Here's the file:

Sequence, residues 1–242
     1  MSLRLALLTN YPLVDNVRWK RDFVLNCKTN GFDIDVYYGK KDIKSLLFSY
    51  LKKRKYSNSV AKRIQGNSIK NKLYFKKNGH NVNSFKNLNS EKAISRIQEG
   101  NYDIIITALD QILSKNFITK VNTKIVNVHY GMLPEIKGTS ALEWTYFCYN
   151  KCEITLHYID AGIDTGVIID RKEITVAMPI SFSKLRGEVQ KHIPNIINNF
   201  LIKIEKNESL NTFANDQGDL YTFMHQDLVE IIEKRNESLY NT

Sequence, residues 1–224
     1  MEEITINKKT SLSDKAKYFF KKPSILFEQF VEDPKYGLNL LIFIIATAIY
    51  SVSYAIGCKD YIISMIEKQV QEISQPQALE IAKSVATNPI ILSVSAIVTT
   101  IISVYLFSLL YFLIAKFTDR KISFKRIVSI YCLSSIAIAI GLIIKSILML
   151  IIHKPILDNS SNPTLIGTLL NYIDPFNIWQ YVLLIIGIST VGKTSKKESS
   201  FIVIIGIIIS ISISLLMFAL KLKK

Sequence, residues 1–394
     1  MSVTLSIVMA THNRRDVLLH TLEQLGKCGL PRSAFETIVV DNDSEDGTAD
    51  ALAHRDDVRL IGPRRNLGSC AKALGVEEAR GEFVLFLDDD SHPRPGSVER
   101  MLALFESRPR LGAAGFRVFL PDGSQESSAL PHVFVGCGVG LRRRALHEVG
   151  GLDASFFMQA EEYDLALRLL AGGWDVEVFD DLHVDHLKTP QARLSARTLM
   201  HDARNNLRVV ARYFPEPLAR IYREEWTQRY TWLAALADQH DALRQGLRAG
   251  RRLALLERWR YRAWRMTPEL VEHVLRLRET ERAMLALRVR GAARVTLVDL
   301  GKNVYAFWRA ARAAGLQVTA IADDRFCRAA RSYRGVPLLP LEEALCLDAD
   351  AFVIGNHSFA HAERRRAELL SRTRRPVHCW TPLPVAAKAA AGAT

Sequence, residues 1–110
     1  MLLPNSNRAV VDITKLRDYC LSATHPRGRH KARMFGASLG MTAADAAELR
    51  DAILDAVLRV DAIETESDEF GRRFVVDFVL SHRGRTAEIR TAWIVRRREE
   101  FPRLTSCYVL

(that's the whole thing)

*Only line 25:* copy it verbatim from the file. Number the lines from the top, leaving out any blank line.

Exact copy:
   101  FPRLTSCYVL